The Scottish Government has published its Women’s Health Plan, which the College has broadly welcomed.

The Women’s Health Plan seeks to highlight and address inequalities impacting women’s health. The plan includes new action in relation to:

  • establishing a dignified and compassionate miscarriage service tailored to the needs of women;
  • the provision of paid leave for miscarriage and stillbirth, delivering this within the public sector and calling on the UK Government to make the necessary changes to employment law to make it available for everyone;
  • a review of midwifery and health visiting pathways;
  • unexpected pregnancy complications;
  • age thresholds for Screening; and
  • the establishment of a Scottish Institute for Women’s Health.

The College notes growing evidence of the negative impacts of the COVID-19 pandemic on women. We are encouraged that the Women’s Health Plan takes account of this, as well as historic inequalities, in seeking to address the health inequality that many women face.

It is vital that government, and all of those involved in delivering care, learn from the inequalities exposed by the pandemic, to address the specific needs of women seeking healthcare, and to provide better education and information to young women and girls about women’s health.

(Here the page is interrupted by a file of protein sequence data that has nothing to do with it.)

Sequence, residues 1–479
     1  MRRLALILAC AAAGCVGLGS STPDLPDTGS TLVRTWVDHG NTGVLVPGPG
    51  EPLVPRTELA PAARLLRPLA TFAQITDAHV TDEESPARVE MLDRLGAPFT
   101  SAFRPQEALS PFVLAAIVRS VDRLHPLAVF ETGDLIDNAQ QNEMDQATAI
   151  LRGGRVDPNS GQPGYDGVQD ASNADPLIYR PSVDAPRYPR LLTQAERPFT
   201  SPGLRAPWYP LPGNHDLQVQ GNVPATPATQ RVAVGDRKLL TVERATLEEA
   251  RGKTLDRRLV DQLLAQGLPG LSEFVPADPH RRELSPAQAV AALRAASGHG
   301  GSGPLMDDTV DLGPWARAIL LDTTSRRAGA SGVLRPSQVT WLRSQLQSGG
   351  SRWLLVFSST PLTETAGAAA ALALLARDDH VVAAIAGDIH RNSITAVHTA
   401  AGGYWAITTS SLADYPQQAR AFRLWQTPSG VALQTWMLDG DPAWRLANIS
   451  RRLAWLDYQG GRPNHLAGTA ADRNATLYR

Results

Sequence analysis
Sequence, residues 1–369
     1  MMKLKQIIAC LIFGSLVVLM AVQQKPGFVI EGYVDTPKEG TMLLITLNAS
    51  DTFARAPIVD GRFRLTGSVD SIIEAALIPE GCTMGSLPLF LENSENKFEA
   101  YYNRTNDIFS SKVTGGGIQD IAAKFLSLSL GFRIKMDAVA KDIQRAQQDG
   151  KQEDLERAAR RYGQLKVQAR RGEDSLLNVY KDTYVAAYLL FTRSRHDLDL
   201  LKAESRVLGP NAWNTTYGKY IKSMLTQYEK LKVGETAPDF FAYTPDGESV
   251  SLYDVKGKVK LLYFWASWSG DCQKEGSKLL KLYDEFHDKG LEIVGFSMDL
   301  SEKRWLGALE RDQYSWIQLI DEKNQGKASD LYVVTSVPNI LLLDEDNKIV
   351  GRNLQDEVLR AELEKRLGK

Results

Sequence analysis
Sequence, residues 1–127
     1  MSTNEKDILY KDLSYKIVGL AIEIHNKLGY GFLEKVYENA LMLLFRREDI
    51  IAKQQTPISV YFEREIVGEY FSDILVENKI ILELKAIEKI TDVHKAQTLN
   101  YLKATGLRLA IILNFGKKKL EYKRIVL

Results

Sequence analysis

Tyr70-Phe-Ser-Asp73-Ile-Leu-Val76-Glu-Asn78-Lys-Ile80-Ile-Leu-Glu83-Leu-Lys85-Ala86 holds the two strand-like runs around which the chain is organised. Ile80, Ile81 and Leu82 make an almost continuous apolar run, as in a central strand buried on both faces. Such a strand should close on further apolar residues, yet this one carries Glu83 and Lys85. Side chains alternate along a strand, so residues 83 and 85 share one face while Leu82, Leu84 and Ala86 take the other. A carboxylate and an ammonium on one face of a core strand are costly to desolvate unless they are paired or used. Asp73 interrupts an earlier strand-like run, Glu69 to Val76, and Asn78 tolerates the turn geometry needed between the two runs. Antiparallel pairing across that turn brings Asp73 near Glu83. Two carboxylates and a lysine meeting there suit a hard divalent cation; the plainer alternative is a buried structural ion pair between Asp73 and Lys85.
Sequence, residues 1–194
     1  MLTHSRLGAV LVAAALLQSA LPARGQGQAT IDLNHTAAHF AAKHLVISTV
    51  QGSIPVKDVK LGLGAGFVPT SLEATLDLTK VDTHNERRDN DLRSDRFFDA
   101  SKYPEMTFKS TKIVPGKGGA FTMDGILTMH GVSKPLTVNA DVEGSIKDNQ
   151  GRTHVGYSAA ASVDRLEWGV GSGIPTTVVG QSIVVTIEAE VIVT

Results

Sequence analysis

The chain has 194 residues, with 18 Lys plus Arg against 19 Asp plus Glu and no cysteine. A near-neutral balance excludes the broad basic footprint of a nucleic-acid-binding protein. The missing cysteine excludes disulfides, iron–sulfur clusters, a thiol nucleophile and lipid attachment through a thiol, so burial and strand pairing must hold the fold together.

In providing healthcare, all medical professionals must be mindful of women’s health requirements, as well as the social and economic inequalities that many women experience.

The Royal College of Physicians of Edinburgh commends the Women’s Health Plan, and we would welcome any further opportunities to support the plan.

Dr Sue Pound, Vice President for Scotland and Northern Ireland, said:

I welcome the fact that this report encompasses a much broader perspective than reproductive health alone, to include health inequalities – recognition of the importance of the social and economic determinants of health – shared decision making, and a call for improvement and innovation.

Taking a life course approach, this report focuses on specific areas of women’s health but should also be considered in the context of initiatives to improve health and wellbeing for all, including healthy eating, smoking cessation, reducing harm from alcohol and drugs, encouraging physical activity and sport and strategies to encourage healthy ageing.